As customers, we amass a large amount of data under our names. We may not realize it, but our store cards, credit cards, Google searches, create a picture of us. What we buy, what we like, what we’re interested in.
All of this information can be used by businesses to help decide how to target us more effectively so we buy their branded product.
How? Some decide by gut instinct but most do so by predictive analytics. So what is it anyway?
According to Webopedia, it is “the practice of extracting information from existing data sets in order to determine patterns and predict future outcomes and trends”. In business, it is used to take current data, paired with historical facts, to understand a specific audience or sector so you can detect risks before they happen or optimize for opportunities to come.
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The technology isn’t brand new. In fact, it’s been helping credit card companies determine whether or not their card holders will pay on time. It’s also being by the US CDC to determine where the next flu outbreak will occur.
However, the predictive analytics has grown up and is now available in comprehensive software packages. So if you’re thinking about buying one, make sure to consider these things before doing so.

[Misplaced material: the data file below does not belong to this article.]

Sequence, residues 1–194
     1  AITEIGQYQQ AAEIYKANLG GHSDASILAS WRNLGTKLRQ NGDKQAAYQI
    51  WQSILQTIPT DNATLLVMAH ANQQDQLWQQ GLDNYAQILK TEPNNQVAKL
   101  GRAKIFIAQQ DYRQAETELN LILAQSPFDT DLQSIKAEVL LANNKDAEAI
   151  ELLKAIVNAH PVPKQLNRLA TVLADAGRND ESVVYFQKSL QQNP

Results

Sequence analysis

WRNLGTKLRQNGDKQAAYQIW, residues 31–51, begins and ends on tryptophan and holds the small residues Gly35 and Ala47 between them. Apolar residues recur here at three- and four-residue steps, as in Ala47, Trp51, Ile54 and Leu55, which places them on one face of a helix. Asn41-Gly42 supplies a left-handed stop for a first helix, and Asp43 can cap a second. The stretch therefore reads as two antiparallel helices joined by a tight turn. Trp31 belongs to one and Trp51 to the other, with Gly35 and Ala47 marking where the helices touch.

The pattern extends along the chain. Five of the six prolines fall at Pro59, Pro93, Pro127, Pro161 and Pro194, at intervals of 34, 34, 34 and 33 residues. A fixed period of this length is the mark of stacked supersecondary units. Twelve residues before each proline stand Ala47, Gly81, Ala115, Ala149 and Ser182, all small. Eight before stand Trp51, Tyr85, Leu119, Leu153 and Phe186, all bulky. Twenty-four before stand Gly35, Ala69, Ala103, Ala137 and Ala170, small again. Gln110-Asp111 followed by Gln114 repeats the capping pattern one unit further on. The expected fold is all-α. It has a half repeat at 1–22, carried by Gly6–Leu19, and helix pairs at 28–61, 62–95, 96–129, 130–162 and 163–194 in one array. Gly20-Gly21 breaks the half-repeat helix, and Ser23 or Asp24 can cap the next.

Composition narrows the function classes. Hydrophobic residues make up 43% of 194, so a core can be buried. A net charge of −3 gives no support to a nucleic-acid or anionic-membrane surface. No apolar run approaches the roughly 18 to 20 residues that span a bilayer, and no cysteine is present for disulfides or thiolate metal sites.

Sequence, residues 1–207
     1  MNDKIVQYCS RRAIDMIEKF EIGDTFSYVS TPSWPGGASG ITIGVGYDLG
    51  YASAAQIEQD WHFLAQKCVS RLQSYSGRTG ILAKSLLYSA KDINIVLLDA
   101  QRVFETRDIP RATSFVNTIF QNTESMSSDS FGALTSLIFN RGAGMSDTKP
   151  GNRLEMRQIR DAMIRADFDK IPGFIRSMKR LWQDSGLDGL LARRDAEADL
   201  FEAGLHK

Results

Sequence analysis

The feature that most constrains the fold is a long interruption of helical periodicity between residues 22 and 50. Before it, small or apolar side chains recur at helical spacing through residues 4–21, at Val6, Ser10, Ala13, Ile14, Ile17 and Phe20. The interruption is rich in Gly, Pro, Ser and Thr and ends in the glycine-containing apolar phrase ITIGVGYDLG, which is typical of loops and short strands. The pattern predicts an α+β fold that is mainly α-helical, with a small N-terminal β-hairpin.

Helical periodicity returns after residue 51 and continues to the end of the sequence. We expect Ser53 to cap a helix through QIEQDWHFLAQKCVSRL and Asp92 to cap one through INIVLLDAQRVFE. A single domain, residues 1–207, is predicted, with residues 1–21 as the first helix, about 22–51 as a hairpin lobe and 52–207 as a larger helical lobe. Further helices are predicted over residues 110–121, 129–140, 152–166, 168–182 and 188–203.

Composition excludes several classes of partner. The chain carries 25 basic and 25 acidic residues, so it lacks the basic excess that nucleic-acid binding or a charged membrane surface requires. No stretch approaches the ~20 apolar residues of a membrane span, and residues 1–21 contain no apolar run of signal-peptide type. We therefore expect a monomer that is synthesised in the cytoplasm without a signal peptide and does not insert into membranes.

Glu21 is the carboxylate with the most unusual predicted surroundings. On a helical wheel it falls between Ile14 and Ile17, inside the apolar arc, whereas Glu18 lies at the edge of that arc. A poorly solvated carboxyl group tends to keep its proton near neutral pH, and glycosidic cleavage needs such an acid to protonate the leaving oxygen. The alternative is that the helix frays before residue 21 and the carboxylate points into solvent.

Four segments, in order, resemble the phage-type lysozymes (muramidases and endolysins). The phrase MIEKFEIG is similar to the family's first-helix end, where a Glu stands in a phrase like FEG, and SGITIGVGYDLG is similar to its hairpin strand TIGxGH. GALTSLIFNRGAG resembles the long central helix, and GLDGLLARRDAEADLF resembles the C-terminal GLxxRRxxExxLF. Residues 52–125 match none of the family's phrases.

1. Get a demo
It may sound silly but some don’t try before they buy. Make sure to take note of how time consuming and complex it is. Will it take more time to learn it than to actually use it? If so, don’t waste your money.
2. Learn the power of the tool
Can it automatically detect and learn about operating systems, application frameworks, your organizations applications, database engines, and networking media? Is it compatible with the latest and greatest technology out there? Consumer product operating systems tend to be a bit more advanced than that of enterprises. Make sure you aren’t buying an outdated tool where your employees can’t use their new toys.
3. Consider the price tag
There are a lot of solutions out there, make sure it is cost effective to your environment after evaluating the aforementioned points. Require that your supplier prove their claims by sharing customer references.
If possible, ask to speak to a customer. Find out what the seller’s customer service is like. Without quality support, your implementation and issues that will come up may make the predictive analytics tool not worth your time.
There is no one solution fits all. Some aspects on the wish list will be missing, but don’t use that excuse as a reason against implementing predictive analytics. In fact, if you need a few reasons – here are 7. However, if it’s time efficient, powerful for what you need, and at the right price, then make the purchase. You won’t regret it!
Image from PredictiveAnalytics.org